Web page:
The G-8 Inviting Trouble? More Like Causing It for its LatAm, Caribbean and African Invitees

Posted on June 15, 2010

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g8cops

 Any time the G-8  invites a country to a meeting about combatting “security challenges,” it means two things:  millions of dollars for the purchase of weapons and other equipment and selling  the country’s soul by allowing the US to use land and military (or paramilitary) to achieve goals that will destroy relationships with neighboring countries.

Welcome to the next G-8 meeting to be held in Ontario, June 25 and 26.  As the article below states, it is common to invite African countries to G-8 meetings.  This year, Algeria, Egypt, Ethiopia, Malawi, Nigeria, Senegal and South Africa will attend, but Stephen Harper, Canada’s PM, decided to invite a few countries closer to home — Jamaica, Colombia, and Haiti. 

There is a reason why these three countries were invited to the G-8.  First, it has nothing to do with drugs unless it helps the US advance its agenda for those things that it does not wish the Congress to know.   I think the common thread between the three countries is that they  will be used for US-coordinated jump out squads into other countries for the purpose of destablilizing them.  Obviously, Colombia needs no training in all this, but will be used to train Jamaica and Haiti in the art of militarization (or paramilitarization) and sabotage.

A look at the map, suggests that Cuba, Venezuela, and Ecuador will be following this G-8 meeting closely.

 

Globe editorial

The G8 is inviting trouble

A soldier on patrol walks past a wall painted with the image of reggae artist Bob Marley in the Tivoli Gardens neighborhood of Kingston May 27, 2010.

A soldier on patrol walks past a wall painted with the image of reggae artist Bob Marley in the Tivoli Gardens neighborhood of Kingston May 27, 2010. HANS DERYK/REUTERS

The leaders of Jamaica, Colombia and Haiti – along with those from seven African nations – will attend a special session in Muskoka to discuss how to combat security challenges.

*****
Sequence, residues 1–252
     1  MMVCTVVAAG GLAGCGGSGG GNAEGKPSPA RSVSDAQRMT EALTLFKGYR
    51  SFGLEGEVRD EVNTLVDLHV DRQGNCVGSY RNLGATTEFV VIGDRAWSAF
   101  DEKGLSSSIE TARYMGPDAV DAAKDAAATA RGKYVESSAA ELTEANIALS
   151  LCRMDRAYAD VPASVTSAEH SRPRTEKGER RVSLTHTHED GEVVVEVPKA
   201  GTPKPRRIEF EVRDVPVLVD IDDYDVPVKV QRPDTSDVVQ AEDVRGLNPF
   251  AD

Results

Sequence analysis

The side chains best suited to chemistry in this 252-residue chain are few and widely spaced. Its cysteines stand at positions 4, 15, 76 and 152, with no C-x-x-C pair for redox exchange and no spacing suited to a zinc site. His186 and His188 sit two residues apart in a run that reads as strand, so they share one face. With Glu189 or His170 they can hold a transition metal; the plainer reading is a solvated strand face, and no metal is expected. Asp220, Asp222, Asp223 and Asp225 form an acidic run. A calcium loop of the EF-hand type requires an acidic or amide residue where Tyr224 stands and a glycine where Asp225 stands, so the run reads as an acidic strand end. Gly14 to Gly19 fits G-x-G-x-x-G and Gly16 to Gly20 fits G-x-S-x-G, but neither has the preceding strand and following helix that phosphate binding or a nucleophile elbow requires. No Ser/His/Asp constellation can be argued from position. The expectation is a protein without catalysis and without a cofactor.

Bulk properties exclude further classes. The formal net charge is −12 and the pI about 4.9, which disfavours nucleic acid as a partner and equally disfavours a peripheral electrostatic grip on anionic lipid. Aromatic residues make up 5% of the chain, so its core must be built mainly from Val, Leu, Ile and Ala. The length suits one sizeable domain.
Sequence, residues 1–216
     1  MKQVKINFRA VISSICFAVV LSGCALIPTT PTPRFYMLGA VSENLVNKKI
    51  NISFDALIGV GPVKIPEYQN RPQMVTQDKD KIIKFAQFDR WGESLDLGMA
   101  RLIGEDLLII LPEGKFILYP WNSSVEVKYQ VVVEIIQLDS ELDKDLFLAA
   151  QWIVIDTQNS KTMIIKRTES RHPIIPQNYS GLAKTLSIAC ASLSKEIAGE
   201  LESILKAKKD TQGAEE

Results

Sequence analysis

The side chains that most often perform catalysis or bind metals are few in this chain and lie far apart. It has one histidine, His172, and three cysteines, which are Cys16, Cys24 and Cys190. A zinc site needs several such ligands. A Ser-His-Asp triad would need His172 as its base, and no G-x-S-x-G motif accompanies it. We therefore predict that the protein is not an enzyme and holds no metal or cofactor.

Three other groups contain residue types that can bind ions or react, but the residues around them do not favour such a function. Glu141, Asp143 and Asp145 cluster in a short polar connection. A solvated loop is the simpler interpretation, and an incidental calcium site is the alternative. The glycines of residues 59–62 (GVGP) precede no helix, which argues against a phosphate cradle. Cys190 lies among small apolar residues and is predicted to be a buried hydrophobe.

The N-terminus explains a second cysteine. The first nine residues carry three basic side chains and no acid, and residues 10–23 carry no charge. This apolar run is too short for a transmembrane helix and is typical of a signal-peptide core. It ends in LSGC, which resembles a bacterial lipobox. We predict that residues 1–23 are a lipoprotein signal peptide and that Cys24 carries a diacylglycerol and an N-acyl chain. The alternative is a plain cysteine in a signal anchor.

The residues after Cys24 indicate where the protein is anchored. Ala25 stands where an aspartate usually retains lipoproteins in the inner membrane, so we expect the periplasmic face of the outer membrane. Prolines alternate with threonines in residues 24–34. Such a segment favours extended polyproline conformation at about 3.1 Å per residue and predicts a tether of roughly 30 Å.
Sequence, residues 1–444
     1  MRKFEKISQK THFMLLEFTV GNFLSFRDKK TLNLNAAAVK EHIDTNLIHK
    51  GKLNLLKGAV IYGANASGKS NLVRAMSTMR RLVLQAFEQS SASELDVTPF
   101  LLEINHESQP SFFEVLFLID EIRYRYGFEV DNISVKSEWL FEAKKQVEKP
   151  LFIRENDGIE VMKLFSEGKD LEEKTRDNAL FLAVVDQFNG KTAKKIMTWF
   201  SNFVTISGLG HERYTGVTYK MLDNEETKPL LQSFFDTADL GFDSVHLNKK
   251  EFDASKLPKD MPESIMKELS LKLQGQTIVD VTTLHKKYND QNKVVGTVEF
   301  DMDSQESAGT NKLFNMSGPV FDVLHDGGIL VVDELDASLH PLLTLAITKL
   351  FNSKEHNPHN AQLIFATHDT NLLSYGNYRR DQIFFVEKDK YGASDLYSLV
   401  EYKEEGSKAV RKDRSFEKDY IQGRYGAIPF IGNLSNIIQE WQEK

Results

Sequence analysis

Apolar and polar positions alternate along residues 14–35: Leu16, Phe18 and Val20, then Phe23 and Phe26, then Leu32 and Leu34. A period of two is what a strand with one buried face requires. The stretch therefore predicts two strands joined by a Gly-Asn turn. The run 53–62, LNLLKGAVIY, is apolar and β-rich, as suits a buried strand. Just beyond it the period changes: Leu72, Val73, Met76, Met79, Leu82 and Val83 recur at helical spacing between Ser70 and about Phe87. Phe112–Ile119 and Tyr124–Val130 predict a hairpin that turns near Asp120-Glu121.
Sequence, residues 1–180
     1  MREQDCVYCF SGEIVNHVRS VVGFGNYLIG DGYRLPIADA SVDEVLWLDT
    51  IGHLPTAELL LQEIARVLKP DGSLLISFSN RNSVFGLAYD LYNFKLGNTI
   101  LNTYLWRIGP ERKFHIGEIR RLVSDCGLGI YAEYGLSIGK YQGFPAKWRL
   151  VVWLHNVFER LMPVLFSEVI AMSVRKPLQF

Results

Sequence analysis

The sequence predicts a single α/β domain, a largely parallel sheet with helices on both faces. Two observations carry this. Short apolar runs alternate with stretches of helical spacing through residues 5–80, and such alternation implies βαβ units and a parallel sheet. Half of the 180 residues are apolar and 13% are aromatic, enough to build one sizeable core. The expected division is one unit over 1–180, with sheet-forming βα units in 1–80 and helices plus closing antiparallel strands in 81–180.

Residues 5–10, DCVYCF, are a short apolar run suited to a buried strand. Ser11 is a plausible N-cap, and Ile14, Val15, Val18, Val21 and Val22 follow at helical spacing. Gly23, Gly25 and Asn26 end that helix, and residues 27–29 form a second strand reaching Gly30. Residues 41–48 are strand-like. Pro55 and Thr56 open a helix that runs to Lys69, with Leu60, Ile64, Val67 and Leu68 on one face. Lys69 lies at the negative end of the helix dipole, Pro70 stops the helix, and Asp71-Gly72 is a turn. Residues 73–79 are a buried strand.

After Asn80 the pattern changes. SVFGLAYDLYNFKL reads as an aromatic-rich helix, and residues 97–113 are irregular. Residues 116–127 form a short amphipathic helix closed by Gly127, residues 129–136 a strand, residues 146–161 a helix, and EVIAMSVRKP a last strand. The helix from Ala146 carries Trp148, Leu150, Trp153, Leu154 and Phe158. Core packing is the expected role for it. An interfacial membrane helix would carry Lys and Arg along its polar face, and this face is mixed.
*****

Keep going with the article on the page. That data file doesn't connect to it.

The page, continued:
From Tuesday’s Globe and Mail

It is a long-established tradition of the G8 host to invite developing countries to take part in the summit. They are almost always from Africa. But this year, Prime Minister Stephen Harper has chosen to broaden the circle, and include three hemispheric partners to attend the meeting of eight industrialized nations, plus the European Union.

The leaders of Jamaica, Colombia and Haiti – along with those from seven African nations – will attend a special session in Muskoka on June 25 and 26, to discuss how to combat security challenges, and help nations weakened by violence and crime.

Mr. Harper’s choice reflects his oft-stated interest in the Americas, as well as the pressing need to plan for Haiti’s reconstruction, after its devastating earthquake. It also reflects the destabilizing impact of drug trafficking, and the need for co-operation in the war on drugs.

Colombia, the world’s leading coca producer, supplies cocaine to nearly all of the U.S. market, while Haiti and Jamaica are key transshipment points, favoured by traffickers because of their poorly patrolled coastlines and history of corruption.

Under President Alvaro Uribe, Colombia has succeeded in cutting its homicide rate in half, and in pushing back the Revolutionary Armed Forces of Colombia (FARC) from the cities, deep into the jungles. However, the FARC guerrillas still rely on proceeds from cocaine trafficking.

In Jamaica, successful drug enforcement efforts in recent years have reduced trafficking. Yet the country remains a significant producer of marijuana and a transit point for cocaine. Last month, its essential fragility was underscored by a violent eruption in a poor neighbourhood, when police entered to hunt down a gang leader, wanted in the U.S. on drugs and weapons charges. Seventy-three people were killed. Politicians from all parties have vowed to end the confluence of criminality and politics. But, clearly, there are challenges ahead.

Rene Préval, the President of Haiti, will share lessons learned from the chaotic delivery of aid in the days after the earthquake, which killed 200,000 and displaced one million. There were logistical confusion and disputes over priorities, as the country’s infrastructure collapsed completely.

Mr. Préval, Mr. Uribe and Jamaican Prime Minister Bruce Golding are witnesses to the challenges faced by countries vulnerable to transnational criminal organizations, and calamitous acts of nature. They cannot solve these problems alone, and it is to Mr. Harper’s credit that he has called on them to share their on-the-ground expertise.